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5 Reasons to See a Pelvic Floor Physiotherapist

5 Reasons to See a Pelvic Floor Physiotherapist (Pregnancy and Postpartum)

By Julia Di Paolo


Through pregnancy and labour, a woman’s pelvic health can become impaired, making a pelvic floor physiotherapist an integral part of any woman’s prenatal and postpartum recovery toolbox. Here are my top 5 reasons why I think all expectant mothers, and those immediately postpartum, can benefit from a pelvic floor health assessment.


Prevention is key

My ideal client came in recently. She came for an ankle sprain two weeks before her wedding (Oh yes, we treat all types of injuries. We're still regular physios). As we were chatting, I asked the inevitable question all newlyweds get asked only I had an ulterior motive… 

Me: So when are you having kids?;

Her: Not sure, in a year or so;

Me: OK, well be sure to come in before you plan on getting pregnant;

Her: (alarmed) WHY?;

Me: So we can make sure your body is fully aligned. Know how you take folic acid BEFORE you get pregnant to improve the likelihood that the baby does not have a neural defect like spina bifida?;

Her: YES;

Me: Well, don't you think growing a baby inside an aligned body will be easier on you and the baby rather than growing one inside a body with all sorts of compensations already? How do you think your body would adapt to all those changes?;

Her: Oh, OK.

She came in to see me two months before they "pulled the goalie." We worked on alignment issues resulting from old injuries, assessed her pelvic floor, and taught her how to kegel correctly incorporating the Core Breath. We followed her in her second trimester and in her third, and taught her how to push the baby out. She came back two weeks post-natal to see how she was healing and to start some pelvic floor muscle retraining. At six weeks postpartum we conducted an internal exam to see how her recovery was progressing. Now three months postpartum, she is ready to begin some real exercises, incorporating her pelvic floor muscles into real movement. At her last visit, she said she was lucky that her pregnancy, birth and recovery went so well. It's not luck! She worked hard and smart! Prevention is key.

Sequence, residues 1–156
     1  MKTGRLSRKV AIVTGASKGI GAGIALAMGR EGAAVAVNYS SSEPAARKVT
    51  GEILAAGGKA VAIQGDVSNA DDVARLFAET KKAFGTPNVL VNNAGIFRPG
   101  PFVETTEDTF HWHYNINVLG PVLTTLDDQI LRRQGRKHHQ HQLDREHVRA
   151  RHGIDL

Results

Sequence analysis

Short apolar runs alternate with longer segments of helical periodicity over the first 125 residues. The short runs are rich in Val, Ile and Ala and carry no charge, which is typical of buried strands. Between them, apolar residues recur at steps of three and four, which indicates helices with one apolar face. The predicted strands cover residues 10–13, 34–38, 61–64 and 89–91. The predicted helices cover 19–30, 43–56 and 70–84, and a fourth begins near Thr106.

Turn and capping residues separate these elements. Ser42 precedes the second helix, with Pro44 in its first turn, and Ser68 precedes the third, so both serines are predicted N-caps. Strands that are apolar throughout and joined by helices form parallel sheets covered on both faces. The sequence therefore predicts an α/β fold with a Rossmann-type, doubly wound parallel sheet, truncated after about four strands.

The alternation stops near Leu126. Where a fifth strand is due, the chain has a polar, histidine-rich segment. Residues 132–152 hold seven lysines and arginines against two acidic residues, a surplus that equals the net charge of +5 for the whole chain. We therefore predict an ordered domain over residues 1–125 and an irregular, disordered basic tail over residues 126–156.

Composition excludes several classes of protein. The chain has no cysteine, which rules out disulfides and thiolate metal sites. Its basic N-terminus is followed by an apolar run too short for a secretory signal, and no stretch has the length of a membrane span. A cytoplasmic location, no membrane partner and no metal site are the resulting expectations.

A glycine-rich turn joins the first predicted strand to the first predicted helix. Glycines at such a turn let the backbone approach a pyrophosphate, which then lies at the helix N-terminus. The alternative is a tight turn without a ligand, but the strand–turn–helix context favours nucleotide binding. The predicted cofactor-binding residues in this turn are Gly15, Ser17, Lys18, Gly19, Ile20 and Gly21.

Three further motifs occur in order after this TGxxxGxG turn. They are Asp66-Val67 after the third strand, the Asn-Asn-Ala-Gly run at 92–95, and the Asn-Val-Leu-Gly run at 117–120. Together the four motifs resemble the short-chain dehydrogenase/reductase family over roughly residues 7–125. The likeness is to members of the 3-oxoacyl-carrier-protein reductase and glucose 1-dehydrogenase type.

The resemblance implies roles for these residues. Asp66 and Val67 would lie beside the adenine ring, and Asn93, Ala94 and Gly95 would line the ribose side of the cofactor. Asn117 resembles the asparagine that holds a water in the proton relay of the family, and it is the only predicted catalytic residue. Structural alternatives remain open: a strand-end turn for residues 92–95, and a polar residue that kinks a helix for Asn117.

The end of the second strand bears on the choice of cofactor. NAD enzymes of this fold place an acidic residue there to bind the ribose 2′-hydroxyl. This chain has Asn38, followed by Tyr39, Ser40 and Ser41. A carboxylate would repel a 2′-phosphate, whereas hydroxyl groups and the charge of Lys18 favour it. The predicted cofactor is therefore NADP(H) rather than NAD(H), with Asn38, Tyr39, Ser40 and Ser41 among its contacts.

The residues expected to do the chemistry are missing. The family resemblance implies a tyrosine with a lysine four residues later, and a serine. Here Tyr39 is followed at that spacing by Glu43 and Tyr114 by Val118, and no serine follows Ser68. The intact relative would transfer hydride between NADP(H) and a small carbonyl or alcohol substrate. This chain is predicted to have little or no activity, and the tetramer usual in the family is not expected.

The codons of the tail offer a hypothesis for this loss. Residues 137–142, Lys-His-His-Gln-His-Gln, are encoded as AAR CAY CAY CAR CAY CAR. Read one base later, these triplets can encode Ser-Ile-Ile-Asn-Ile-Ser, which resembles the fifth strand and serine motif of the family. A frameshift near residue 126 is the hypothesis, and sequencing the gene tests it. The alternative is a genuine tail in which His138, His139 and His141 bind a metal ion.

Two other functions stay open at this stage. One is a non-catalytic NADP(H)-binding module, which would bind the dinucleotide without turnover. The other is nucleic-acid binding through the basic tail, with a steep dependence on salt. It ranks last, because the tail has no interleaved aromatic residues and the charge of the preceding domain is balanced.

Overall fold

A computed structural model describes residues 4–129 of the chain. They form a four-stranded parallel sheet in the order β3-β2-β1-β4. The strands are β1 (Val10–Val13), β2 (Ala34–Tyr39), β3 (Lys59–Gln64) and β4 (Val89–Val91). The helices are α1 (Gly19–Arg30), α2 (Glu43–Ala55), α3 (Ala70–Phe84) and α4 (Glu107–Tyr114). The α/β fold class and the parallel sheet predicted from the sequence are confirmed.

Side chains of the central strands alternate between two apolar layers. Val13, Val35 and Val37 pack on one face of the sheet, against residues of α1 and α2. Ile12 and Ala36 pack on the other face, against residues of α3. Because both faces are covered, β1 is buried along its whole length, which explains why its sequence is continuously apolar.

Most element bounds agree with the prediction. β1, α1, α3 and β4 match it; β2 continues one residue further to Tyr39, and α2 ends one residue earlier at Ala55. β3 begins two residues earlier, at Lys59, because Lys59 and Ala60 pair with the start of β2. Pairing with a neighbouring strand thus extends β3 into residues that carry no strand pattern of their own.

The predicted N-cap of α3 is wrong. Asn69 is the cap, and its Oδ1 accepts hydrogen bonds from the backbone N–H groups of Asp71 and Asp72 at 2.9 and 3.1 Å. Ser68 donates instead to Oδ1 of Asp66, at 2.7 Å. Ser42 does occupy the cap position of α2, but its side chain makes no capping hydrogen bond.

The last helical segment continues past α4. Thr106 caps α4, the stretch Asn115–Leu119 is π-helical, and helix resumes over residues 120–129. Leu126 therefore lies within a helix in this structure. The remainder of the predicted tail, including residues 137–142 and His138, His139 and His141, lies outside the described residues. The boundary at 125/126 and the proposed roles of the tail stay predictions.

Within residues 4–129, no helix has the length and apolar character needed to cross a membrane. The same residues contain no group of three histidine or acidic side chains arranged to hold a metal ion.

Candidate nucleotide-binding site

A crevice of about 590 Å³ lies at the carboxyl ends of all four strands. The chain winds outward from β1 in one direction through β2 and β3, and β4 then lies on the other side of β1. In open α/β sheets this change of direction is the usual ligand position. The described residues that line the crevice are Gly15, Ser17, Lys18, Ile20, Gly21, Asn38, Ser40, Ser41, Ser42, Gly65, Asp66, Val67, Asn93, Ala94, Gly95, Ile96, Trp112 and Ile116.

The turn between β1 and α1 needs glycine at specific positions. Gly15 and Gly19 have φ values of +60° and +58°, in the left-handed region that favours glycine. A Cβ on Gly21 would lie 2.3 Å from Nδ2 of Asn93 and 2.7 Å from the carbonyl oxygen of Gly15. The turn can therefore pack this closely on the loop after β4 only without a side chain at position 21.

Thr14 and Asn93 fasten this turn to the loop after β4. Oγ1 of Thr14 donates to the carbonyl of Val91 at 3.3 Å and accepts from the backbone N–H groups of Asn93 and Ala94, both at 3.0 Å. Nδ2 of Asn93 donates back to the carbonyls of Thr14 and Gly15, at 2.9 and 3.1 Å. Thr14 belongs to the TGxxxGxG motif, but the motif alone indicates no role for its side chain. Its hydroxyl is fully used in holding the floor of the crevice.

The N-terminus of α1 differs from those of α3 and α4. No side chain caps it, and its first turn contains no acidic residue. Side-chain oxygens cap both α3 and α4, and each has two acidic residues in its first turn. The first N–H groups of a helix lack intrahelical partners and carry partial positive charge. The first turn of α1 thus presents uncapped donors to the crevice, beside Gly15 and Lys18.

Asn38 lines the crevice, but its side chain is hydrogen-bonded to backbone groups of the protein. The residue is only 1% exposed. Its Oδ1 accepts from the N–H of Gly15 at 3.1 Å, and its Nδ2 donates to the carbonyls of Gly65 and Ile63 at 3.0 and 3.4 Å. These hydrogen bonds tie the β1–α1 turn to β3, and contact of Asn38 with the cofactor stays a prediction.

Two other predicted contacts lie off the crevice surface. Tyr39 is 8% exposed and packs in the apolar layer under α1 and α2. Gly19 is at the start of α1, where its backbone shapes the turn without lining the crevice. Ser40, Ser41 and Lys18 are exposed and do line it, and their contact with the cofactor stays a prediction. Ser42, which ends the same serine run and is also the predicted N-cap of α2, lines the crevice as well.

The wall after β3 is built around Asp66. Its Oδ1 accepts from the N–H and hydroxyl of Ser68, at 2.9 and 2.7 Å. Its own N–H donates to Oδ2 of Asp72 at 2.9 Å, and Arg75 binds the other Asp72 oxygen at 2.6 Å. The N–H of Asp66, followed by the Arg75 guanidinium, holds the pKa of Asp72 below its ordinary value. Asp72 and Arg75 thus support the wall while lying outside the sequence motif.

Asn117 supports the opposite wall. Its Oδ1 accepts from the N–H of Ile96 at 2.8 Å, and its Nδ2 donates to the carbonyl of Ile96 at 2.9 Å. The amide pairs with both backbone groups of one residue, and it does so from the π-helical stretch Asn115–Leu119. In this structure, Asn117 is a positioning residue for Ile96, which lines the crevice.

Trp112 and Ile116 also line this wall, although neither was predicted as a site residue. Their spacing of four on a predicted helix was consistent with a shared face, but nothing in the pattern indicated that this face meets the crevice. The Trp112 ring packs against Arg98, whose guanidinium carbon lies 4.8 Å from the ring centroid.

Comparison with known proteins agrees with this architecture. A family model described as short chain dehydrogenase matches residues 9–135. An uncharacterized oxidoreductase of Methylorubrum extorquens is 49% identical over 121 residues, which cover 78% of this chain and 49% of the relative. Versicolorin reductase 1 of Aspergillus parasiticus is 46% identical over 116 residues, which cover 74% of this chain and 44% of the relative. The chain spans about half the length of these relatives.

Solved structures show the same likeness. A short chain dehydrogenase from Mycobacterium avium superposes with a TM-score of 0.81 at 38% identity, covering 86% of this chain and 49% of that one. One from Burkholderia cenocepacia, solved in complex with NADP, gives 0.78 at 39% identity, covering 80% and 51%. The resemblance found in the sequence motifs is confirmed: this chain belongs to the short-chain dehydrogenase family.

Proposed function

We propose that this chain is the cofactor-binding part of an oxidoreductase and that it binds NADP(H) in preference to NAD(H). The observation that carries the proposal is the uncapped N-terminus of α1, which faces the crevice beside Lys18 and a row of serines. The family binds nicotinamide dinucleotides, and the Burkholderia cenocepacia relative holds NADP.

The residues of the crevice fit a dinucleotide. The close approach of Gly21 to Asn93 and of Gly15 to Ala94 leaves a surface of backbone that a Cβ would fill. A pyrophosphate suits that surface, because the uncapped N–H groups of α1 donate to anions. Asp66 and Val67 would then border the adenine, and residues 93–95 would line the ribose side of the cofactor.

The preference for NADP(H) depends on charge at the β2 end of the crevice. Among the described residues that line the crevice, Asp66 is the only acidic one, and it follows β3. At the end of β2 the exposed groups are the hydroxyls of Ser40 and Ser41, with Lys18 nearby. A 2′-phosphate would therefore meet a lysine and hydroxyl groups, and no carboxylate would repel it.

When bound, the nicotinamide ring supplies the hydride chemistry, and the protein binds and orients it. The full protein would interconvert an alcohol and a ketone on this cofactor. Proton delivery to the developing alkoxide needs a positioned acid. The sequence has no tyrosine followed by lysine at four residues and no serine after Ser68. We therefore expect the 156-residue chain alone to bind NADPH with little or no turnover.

Really understand how the system is working. 

Would you find it odd to see a doctor and have him assess a skin condition from outside of your jeans? Why do doctors send us to get x-rays when we might have broken a bone? To find out the truth of course – what is really going on in there. Pelvic floor physiotherapists are trained to conduct internal exams on patients. We have specific training for assessing the muscles, connective tissues and nerves that make up the pelvic floor and we conduct this by performing an internal exam of the vagina and rectum. In Ontario, physiotherapists who have this special designation have to be registered with the College of Physiotherapists of Ontario. Click here to see if your physio can offer you the best pelvic assessment and treatment available.


Kegels aren’t right for everyone: pelvic health knowledge out there isn’t always the best advice

Nearly every pregnant woman I meet has heard about the kegel. That’s great that the knowledge of this tool for improving the performance of the pelvic floor muscle is out there. But here is what I also know: 30% of women don’t know how to perform a kegel properly. And, with certain conditions already present, a kegel can actually make your situation worse. The only way to know if you should be doing a kegel, and how to do it correctly, is to see a pelvic health physiotherapist.